However Postmedia has been restructuring with the goal of reducing operating expenses by 15 to 20 per cent by 2015.

“I think what a lot of people missed was that we also said the company will be making strategic investments in certain areas ... it was a two-pronged approach,” Parrish said. “While we were making those changes, we were also lengthening the runway and thinking about how we can reinvent the business, and that’s where we are now.”

Restructuring the newsroom

With an editorial strategy that caters to four different audiences—print edition, tablet, smartphone and online—the way the newsroom files content will change.

Reporters won’t be filing four different versions of the same story; rather the Citizen will have platform-specific champions that will determine if a story should be featured in their platform and if so, what format it will take.

“Sometimes that could mean the tablet version only has a video and no text, or the editors decide that story won’t make it into the smartphone version at all,” Parrish said. “What this is it will change the way newsrooms create content ... more than implementing the products, we need to make sure everybody is trained.”

Postmedia will also hire in a few key digital areas as the strategy is rolled out in other newspapers.  

What’s next?

The Province, the tabloid that competes with the Sun in the Vancouver market, as well as the National Post will get their own platforms, although Parrish said it’s not clear if that will be rolled out in the 15-month period.

Postmedia Network will be closely watching how the four-platform strategy works at the Citizen, including three key metrics: number of subscriptions, the level of engagement including time spent on a page and unique page views, and digital revenue.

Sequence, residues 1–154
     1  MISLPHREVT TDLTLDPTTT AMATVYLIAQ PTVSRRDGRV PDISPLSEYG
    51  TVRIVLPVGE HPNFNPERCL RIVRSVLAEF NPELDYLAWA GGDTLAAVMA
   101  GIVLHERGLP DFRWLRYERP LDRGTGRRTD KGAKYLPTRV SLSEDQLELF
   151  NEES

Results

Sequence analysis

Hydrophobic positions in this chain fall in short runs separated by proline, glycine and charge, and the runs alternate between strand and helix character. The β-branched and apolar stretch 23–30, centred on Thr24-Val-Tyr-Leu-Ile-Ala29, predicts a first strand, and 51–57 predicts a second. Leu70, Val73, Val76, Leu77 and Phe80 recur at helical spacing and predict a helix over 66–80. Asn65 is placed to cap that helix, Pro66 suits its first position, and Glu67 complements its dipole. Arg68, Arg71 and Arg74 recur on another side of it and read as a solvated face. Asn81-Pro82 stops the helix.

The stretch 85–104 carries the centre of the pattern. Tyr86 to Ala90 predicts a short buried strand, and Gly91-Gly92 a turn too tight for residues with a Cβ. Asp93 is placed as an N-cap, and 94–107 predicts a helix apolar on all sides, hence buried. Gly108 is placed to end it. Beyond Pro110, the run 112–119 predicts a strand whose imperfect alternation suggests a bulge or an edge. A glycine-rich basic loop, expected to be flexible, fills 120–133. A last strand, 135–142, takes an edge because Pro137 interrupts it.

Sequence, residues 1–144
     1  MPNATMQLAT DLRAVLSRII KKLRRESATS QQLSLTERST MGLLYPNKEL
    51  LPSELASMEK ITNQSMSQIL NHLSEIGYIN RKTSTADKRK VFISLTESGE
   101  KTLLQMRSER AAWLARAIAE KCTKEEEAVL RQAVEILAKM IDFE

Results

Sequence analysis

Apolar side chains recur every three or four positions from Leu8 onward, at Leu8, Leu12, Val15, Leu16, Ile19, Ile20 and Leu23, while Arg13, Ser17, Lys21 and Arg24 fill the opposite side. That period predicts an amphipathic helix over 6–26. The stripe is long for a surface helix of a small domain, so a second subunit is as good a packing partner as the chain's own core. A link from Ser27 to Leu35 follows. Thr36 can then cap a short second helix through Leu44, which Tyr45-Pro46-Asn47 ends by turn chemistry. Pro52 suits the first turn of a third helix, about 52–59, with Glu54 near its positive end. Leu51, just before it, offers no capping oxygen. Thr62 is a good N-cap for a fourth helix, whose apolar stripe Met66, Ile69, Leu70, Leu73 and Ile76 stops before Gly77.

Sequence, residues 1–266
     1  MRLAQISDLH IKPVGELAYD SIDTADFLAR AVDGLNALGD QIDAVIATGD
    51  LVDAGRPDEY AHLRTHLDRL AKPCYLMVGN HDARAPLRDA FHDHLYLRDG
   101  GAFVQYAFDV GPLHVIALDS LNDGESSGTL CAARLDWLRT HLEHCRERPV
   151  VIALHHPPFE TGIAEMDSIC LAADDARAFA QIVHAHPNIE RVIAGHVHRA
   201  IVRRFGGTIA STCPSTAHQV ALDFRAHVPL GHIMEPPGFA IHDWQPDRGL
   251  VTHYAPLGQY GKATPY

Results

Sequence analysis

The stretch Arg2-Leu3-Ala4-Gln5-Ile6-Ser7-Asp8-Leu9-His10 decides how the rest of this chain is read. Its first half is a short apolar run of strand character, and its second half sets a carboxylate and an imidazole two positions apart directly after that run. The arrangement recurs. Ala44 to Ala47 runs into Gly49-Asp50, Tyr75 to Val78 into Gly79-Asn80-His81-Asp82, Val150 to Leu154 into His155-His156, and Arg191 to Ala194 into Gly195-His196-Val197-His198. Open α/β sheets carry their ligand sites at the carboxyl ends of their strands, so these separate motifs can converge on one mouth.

Parrish would not say which of the Postmedia metro newspapers—Vancouver Sun, Windsor Star, Saskatoon Star-Phoenix, Regina Leader-Post, The Gazette (in Montreal), Edmonton Journal and Calgary Herald—will get the new platform products next, but how quickly it will be rolled out depends on the success of the Citizen.

 

What do you think of the redesigned Ottawa Citizen? (New version on the left and old version on the right). Leave your comments below.

Clarification: This version has been updated to reflect that Postmedia is not headed in the "opposite direction" of responsive design. While most media companies that build responsive designs do not duplicate their work on smartphone and tablet apps, Postmedia is. The Citizen's website will be responsive-designed, plus the smartphone app will have fresh content 18 hours a day and the tablet version will present a news and current affairs tablet magazine 6 p.m. daily. 


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J-Source and ProjetJ are publications of the Canadian Journalism Project, a venture among post-secondary journalism schools and programs across Canada, led by Ryerson University, Université Laval and Carleton University and supported by a group of donors.